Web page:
- to make (a drawing, design, etc.) on metal, glass, etc. by the action of an acid, esp. by coating the surface with wax and letting acid eat into the lines or areas laid bare with a special needle
- to prepare (a metal plate, glass, etc.) in this way, for use in printing such drawings or designs
- to engrave using a laser
- to depict or impress sharply and distinctly
Origin of etchDutch etsen ; from German ätzen, to corrode ; from Middle High German etzen, to cause to eat, causative of ezzen (Ger essen), eat
verbetched, etch·ing, etch·es
- a. To cut into the surface of (glass, for example) by the action of acid, especially by coating the surface with wax or another protective layer and drawing lines with a needle and then using the acid to form the lines on the unprotected parts of the surface.b. To make or create by this method: etch a design on glass.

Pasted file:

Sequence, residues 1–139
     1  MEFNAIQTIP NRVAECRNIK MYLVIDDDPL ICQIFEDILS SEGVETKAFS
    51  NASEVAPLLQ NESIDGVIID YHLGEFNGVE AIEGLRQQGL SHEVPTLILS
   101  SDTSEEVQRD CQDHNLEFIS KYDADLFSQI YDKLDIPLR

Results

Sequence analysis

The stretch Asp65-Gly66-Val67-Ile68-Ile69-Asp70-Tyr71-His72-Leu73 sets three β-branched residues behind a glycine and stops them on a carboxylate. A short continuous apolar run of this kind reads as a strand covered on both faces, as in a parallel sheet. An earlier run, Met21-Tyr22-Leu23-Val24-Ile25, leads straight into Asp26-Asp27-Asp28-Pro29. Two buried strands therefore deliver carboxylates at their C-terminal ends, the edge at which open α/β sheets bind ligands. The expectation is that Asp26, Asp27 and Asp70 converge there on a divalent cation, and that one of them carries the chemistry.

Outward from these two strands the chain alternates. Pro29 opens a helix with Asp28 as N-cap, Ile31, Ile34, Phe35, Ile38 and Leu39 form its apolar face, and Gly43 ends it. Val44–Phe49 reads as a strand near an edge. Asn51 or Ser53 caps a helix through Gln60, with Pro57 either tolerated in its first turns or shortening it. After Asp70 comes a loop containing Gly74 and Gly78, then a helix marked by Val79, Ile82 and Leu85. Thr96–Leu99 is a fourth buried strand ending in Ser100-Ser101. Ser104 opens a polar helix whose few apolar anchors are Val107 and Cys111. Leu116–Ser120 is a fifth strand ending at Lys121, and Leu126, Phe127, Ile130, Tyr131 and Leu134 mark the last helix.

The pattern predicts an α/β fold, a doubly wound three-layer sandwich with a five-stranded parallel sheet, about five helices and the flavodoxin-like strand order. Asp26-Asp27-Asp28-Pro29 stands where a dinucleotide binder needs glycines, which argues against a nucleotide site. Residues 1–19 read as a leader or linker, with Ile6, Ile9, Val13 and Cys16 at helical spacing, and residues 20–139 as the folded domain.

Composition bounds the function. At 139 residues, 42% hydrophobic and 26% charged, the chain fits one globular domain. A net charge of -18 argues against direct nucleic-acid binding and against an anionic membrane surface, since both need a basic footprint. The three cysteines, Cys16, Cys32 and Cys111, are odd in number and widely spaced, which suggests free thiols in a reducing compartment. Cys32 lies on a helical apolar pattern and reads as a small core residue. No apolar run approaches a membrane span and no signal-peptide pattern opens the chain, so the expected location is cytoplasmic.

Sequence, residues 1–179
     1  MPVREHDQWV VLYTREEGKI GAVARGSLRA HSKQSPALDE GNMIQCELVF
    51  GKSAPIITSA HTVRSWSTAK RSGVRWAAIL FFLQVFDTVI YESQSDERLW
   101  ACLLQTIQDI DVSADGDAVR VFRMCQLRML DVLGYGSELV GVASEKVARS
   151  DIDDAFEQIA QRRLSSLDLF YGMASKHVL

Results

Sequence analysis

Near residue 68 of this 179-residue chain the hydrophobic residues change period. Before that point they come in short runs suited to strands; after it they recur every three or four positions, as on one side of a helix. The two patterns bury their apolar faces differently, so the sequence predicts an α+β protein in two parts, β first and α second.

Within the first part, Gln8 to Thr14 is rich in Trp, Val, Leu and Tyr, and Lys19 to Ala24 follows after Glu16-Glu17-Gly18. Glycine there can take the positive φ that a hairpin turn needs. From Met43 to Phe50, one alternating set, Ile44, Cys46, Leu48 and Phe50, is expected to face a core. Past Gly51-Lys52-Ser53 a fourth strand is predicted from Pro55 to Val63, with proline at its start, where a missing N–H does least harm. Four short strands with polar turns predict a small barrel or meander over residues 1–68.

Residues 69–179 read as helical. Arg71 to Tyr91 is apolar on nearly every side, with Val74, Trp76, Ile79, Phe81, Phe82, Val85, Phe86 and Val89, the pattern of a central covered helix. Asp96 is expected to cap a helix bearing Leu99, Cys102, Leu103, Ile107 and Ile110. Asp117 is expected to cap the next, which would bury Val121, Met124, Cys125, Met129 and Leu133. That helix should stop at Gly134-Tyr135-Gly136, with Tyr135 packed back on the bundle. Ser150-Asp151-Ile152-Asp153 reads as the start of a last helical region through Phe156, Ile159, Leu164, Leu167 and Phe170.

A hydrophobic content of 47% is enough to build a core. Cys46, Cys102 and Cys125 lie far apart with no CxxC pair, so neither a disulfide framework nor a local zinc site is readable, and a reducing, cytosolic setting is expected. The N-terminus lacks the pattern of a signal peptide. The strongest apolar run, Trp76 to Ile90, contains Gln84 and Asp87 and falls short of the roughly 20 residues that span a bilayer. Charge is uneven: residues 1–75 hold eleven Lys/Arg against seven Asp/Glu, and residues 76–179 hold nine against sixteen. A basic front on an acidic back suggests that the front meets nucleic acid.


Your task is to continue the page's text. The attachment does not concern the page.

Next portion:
- a. To draw or write by cutting or scraping: etched his initials in the metal.b. To cut or scrape something in or on: etched the metal with a knife.
- To impress or delineate clearly: a landscape that is forever etched in my memory; trees that are etched against the sky.
Origin of etchDutch etsen, from German &adie;tzen, from Middle High German etzen, from Old High German ezzen, to eat; see ed- in Indo-European roots.
(third-person singular simple present etches, present participle etching, simple past and past participle etched)
- To cut into a surface with an acid or other corrosive substance in order to make a pattern. Best known as a technique for creating printing plates, but also used for decoration on metal, and, in modern industry, to make circuit boards.
- To engrave a surface.
- (figuratively) To make a lasting impression.
- The memory of 9/11 is etched into my mind.
- To sketch; to delineate.
Germanic, cognate with Dutch ets.
- Obsolete form of eddish.